Study: Delayed Treatment for Severe Heart Attack Means Women Have Twice the Risk of Dying
Women hospitalized for heart attack are less likely than men to receive timely treatment and twice as likely to die if the heart attack is severe, new research shows. The study was published online December 8, 2008, in the journal Circulation.
The study of 78,000 adults (39% were women) hospitalized for heart attack found no difference in the overall risk of dying between women and men. However, women suffering the most severe type of heart attack, called a STEMI, were twice as likely as men to die: 10.2% of women compared with 5.5% of men died in the first 24 hours of hospitalization. A STEMI (ST-elevation myocardial infarction) heart attack is caused by a complete blockage in an artery carrying oxygen-rich blood to the heart. If the blockage is not opened quickly, the heart muscle can suffer permanent damage, causing serious complications or even death.
Researchers also found that women did not get the treatment they needed as quickly as men. Women were less likely than men to receive timely treatment with clot busters and medications such as aspirin and beta-blockers. Women were also less like to be referred for procedures to restore blood flow, such as angioplasty, and those who did undergo angioplasty had to wait longer than men before the procedure was started. These treatment delays partially account for the higher risk of dying in women, especially within the first 24 hours of hospitalization. In people who survived 24 hours, there was little difference in the death rates between women and men.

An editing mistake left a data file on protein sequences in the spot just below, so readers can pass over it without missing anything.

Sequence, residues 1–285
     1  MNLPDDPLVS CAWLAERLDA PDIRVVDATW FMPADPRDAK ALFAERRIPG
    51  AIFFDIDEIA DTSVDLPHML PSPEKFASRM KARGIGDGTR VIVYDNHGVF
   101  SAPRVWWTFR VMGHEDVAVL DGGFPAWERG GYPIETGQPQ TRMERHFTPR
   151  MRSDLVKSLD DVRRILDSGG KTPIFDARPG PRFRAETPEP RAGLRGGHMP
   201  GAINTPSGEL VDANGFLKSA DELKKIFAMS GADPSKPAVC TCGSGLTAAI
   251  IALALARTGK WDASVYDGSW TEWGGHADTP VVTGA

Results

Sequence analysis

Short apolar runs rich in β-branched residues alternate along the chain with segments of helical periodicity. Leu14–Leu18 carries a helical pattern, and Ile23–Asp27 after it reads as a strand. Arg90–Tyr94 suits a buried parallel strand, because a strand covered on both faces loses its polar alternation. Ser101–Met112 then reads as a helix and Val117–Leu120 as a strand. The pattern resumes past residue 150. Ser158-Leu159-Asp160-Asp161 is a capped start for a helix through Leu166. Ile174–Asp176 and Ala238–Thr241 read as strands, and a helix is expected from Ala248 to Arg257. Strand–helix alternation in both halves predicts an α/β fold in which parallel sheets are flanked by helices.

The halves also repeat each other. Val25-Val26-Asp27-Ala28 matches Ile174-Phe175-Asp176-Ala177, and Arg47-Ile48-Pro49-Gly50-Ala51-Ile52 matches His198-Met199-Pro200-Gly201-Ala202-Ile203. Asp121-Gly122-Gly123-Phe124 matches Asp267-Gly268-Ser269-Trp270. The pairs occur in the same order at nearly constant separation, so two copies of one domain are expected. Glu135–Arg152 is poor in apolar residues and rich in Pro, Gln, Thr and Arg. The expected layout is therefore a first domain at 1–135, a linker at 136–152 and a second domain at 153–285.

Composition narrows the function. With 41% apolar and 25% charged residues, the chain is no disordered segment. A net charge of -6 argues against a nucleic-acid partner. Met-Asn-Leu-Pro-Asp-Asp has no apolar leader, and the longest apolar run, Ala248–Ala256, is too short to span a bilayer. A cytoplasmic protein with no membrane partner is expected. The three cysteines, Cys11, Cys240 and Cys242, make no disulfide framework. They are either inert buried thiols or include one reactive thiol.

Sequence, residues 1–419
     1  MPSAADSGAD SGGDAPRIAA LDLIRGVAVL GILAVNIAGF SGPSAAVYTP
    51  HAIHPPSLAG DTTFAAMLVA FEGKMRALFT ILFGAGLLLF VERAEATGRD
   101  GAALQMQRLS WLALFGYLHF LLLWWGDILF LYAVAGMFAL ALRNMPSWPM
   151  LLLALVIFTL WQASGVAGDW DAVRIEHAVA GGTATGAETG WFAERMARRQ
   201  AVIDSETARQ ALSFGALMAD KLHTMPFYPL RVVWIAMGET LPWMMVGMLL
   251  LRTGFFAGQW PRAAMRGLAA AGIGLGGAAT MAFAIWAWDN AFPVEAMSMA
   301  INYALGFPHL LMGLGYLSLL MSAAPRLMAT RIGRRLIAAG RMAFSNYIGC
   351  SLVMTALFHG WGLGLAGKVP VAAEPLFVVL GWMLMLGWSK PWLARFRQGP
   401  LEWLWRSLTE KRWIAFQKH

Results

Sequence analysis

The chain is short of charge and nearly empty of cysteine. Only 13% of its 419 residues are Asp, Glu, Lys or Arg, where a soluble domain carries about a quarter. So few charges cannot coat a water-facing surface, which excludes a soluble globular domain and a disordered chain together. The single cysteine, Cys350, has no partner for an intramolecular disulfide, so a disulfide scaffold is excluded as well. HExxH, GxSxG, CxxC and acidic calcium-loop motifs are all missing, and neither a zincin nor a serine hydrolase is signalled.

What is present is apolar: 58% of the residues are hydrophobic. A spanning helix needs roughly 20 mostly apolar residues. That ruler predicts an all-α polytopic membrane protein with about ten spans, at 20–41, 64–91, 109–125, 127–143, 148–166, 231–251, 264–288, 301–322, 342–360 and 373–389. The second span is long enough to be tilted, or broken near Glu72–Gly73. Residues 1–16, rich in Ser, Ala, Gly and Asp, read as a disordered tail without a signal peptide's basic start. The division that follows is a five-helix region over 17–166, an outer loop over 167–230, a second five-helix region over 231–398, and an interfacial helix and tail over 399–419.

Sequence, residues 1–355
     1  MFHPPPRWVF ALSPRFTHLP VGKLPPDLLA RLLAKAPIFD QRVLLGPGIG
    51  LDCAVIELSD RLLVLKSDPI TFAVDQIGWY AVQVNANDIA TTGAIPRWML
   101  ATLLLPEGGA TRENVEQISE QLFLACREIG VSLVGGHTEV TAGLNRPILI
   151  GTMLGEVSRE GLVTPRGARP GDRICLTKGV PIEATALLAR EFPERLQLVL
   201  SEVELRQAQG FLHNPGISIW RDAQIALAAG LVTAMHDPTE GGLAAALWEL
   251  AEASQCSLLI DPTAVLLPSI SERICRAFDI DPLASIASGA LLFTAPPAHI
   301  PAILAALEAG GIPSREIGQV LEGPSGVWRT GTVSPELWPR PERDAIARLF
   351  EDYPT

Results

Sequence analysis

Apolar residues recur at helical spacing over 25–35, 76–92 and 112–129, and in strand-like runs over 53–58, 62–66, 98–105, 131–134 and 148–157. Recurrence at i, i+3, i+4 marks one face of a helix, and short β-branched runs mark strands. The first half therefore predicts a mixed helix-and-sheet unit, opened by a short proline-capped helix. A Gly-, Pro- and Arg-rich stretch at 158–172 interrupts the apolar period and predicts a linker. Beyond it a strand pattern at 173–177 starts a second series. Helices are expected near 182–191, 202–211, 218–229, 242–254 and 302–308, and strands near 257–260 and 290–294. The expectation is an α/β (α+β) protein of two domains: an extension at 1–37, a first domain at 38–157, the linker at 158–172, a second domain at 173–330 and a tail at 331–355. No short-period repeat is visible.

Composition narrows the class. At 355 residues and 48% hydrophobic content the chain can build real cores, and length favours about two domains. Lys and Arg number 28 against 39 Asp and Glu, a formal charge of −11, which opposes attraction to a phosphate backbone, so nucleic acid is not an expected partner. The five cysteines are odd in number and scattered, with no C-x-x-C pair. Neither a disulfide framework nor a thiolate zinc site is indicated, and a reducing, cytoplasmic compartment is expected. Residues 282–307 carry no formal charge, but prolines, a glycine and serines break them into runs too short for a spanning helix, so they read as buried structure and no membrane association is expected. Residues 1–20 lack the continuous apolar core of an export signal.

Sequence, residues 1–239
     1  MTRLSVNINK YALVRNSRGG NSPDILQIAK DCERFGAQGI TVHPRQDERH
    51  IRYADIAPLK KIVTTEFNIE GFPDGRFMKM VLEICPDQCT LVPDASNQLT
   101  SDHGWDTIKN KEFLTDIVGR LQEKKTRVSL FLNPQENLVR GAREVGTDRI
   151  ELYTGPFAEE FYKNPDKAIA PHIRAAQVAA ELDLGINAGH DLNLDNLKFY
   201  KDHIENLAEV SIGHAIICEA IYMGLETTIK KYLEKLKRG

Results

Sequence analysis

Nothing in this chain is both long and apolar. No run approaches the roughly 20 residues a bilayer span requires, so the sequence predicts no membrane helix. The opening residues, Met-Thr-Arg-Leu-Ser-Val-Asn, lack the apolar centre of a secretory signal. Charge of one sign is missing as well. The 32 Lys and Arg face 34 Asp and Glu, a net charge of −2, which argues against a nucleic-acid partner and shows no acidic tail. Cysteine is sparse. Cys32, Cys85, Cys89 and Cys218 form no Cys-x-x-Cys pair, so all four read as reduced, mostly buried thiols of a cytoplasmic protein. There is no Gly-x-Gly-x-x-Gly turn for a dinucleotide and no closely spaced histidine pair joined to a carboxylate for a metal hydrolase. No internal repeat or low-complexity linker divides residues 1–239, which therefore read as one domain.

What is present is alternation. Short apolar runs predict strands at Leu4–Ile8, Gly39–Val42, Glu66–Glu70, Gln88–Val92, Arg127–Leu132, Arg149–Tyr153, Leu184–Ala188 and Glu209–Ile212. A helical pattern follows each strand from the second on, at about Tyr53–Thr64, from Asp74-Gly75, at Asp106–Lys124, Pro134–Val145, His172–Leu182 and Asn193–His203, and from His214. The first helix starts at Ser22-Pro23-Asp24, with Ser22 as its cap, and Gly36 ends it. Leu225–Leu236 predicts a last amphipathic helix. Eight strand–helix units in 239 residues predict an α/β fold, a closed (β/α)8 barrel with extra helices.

This study reaffirms the importance of overcoming misperceptions about heart disease in women and the importance of timely treatment. To improve women's survival after serious heart attacks, health care providers need to know how to recognize the signs and symptoms of a heart attack in women in order to quickly provide proven life-saving treatments. Women also need to recognize the warning signs of a heart attack and learn what they can do to ensure they receive the right diagnosis and prompt treatment—it could be the difference between life and death.
Give yourself the best chance of surviving a heart attack by exploring HeartHealthyWomen.org and learning how to:
- Recognize heart attack warning signs in yourself or a loved one
- Prepare a heart attack action plan listing what to do and NOT to do
- Avoid a misdiagnosis by knowing which diagnostic tests are right for you
- Insist on the best care by knowing your treatment options
Source: Jneid H, Fonarow GC, Cannon CP, et al. Sex differences in medical care and early death after acute myocardial infarction. Circulation 2008. Epub ahead of print.